PubMed 21474446

Referenced in Channelpedia wiki pages of: none

Automatically associated channels: Kir2.3 , TRP , TRPC , TRPC1 , TRPP , TRPP2 , TRPV , TRPV4

Title: A single amino acid residue constitutes the third dimerization domain essential for the assembly and function of the tetrameric polycystin-2 (TRPP2) channel.

Authors: Shuang Feng, Lise Rodat-Despoix, Patrick Delmas, Albert C M Ong

Journal, date & volume: J. Biol. Chem., 2011 May 27 , 286, 18994-9000

PubMed link:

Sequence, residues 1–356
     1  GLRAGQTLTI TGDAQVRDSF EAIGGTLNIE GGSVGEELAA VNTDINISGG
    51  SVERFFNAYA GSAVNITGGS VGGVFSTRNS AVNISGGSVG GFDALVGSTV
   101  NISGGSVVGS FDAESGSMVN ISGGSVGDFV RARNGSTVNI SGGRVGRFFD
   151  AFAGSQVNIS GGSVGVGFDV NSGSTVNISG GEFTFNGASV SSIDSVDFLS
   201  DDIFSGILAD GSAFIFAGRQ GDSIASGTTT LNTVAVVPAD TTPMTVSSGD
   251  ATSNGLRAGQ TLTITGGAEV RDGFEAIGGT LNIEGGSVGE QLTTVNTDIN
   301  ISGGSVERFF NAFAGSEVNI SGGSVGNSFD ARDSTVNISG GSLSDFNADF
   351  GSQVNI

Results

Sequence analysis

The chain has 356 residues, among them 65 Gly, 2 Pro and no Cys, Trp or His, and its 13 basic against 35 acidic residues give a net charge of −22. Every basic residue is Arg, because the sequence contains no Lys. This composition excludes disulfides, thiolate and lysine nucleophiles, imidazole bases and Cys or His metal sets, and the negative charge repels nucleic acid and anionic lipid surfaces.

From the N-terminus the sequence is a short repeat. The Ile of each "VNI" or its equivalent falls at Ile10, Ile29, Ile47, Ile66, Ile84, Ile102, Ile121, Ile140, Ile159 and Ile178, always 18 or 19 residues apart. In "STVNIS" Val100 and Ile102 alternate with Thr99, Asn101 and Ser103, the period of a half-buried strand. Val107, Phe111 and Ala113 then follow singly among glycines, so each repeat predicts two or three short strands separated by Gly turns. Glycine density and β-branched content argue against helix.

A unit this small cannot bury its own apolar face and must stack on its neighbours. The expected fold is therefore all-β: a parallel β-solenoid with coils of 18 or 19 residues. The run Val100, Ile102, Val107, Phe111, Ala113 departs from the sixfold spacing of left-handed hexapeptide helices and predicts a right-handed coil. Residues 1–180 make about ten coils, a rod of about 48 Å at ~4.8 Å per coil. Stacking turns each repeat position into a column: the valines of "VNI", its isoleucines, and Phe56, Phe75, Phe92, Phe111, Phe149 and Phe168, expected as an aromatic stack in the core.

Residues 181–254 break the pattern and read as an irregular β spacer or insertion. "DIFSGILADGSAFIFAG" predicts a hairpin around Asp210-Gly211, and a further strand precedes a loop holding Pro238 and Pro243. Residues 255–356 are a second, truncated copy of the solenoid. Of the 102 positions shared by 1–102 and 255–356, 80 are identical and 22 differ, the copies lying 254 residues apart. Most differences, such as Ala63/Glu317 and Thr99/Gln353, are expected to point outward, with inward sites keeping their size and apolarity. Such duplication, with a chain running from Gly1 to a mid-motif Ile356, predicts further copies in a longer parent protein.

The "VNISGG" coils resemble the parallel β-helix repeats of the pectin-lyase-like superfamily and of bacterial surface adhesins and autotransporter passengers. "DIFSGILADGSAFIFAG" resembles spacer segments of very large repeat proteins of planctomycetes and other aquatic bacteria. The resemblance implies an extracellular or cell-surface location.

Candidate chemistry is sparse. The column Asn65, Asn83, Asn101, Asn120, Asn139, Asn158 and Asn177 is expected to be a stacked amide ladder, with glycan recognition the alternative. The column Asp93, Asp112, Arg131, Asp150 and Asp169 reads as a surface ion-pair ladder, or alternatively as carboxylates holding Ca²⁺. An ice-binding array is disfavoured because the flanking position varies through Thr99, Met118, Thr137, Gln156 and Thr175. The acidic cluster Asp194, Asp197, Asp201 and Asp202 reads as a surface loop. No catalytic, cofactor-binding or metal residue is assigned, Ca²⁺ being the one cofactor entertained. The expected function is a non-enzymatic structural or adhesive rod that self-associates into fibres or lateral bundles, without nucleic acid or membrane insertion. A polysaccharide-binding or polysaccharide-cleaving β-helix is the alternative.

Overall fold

Autosomal dominant polycystic kidney disease (ADPKD), the most common inherited cause of kidney failure, is caused by mutations in either PKD1 (85%) or PKD2 (15%). The PKD2 protein, polycystin-2 (PC2 or TRPP2), is a member of the transient receptor potential (TRP) superfamily and functions as a nonselective calcium channel. PC2 has been found to form oligomers in native tissues, suggesting that similar to other TRP channels, it may form functional homo- or heterotetramers with other TRP subunits. We have recently demonstrated that the homodimerization of PC2 is mediated by both N-terminal and C-terminal domains, and it is known that PC2 can heterodimerize with PC1, TRPC1, and TRPV4. In this paper, we report that a single cysteine residue, Cys(632), mutated in a known PKD2 pedigree, constitutes the third dimerization domain for PC2. PC2 truncation mutants lacking both N and C termini could still dimerize under nonreducing conditions. Mutation of Cys(632) alone abolished dimerization in these mutants, indicating that it was the critical residue mediating disulfide bond formation between PC2 monomers. Co-expression of C632A PC2 mutants with wild-type PC2 channels reduced ATP-sensitive endoplasmic reticulum Ca(2+) release in HEK293 cells. The combination of C632A and mutations disrupting the C-terminal coiled-coil domain (Val(846), Ile(853), Ile(860), Leu(867) or 4M) nearly abolished dimer formation and ATP-dependent Ca(2+) release. However, unlike the 4M PC2 mutant, a C632A mutant could still heterodimerize with polycystin-1 (PC1). Our results indicate that PC2 homodimerization is regulated by three distinct domains and that these events regulate formation of the tetrameric PC2 channel.